Individual Health Mandate Goes Into EffectApril 2, 2014
The day following the March 31 deadline for individuals to purchase health insurance to avoid the penalty assessed under the Patient Protection and Affordable Care Act (PPACA), President Barack Obama announced that 7.1 million Americans had enrolled in the state and federal exchanges. Despite the Small Business Health Options Program (SHOP) exchanges being delayed by one year, many self-employed individuals without employees are considered part of the individual mandate and therefore had to enroll by the March 31 deadline.
While the high rate of enrollment was touted as a positive by the White House, it remains to be seen what the ultimate cost of these plans will be given that it largely will be determined by the make-up of the pool. PPACA has imposed a number of rating rule changes, including: tighter “age bands” which limits the allowable variation between the oldest and youngest individuals; prohibition against using health status when establishing a price for the insurance product; guaranteed issue which requires insurers to accept all applicants regardless of health status; and a minimum benefit package which may be greater than what some states previously required.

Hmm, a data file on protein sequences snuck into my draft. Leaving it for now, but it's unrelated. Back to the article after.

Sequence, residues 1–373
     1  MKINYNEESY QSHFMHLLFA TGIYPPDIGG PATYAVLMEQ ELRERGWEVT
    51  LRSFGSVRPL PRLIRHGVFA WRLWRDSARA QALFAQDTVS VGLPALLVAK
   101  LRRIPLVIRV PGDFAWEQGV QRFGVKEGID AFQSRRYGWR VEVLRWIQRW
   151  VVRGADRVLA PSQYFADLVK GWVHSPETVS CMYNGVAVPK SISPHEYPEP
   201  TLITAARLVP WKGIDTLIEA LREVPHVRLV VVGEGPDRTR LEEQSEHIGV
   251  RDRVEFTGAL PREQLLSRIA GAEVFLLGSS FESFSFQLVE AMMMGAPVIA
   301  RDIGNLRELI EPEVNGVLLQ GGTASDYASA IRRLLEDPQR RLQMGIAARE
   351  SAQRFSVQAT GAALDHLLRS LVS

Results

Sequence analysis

These changes, while aimed at providing a more uniform and fair market, could result in much higher costs if younger and healthier individuals opt to pay the penalty versus purchasing health insurance – which is a likely result if the end-product cost far outweighs the penalty.
According to NSBA’s recent Health Care Survey of Small Business, 91 percent of businesses reported increases in their health plan premiums at their most recent health insurance renewal, with one in four being hit with increases exceeding 20 percent. To address those costs, one-third of small businesses said they held off on hiring a new employee and more than half say they held off on salary increases for employees.